How sensitive are coastal ecosystems to sharp changes in temperature? Using a detailed spatial analysis in the Florida Everglades, researchers found that cold snaps reduced ecosystem productivity most dramatically in areas with low water levels that were located away from the coast. With more extreme weather events predicted in the future, knowing the likely effects of low temperature events on subtropical wetlands systems can inform management of these important ecosystems.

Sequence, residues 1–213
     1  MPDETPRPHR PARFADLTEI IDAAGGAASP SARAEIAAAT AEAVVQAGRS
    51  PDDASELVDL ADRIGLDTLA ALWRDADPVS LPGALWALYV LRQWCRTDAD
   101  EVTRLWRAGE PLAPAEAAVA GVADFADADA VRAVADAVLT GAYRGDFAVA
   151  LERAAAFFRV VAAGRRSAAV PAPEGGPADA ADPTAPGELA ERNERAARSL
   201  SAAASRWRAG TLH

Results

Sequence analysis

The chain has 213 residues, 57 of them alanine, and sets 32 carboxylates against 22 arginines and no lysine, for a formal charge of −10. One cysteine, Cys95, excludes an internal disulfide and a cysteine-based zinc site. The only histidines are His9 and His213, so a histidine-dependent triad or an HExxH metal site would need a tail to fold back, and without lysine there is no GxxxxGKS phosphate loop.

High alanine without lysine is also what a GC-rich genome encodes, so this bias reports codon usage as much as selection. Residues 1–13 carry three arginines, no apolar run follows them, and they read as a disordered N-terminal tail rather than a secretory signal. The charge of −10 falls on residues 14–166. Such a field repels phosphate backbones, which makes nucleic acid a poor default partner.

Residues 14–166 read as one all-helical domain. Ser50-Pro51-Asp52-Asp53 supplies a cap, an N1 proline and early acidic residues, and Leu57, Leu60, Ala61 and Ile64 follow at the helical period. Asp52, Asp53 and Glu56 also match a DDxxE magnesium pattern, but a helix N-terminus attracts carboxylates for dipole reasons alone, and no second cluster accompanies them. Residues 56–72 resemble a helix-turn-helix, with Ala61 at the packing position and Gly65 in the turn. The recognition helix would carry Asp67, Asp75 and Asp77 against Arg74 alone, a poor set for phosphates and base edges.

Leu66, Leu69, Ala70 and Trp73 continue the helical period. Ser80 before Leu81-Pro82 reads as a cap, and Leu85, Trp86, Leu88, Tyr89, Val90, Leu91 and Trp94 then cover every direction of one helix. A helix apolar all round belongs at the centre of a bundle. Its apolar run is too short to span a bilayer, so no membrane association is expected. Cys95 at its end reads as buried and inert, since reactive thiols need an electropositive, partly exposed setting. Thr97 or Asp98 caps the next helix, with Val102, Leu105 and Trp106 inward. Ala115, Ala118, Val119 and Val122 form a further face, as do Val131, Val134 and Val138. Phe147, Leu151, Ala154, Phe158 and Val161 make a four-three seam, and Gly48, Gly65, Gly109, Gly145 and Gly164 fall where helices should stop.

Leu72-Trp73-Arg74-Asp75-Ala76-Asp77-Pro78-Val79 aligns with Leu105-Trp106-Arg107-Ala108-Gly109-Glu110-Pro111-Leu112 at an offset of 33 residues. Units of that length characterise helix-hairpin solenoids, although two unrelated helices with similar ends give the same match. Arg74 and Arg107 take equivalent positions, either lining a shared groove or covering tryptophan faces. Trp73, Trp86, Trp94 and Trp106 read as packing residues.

Over a four year period (2009-2012), researchers sampled three sites across the Florida Everglades National Park, accounting for variations in water inundation heights and duration across freshwater marshes as well as coastal mangrove forests. Results demonstrated that a site’s sensitivity to low temperature events (<5°C) varied by water level and geographic proximity to the coast, both of which influence the frequency and intensity of these cold weather events. At sites where low temperature events were less frequent, photosynthetic capacity declined more sharply in response. The differences in CO2 assimilation rates in response to temperature highlights the changes that could occur to species and ecosystem functioning in response to climate change.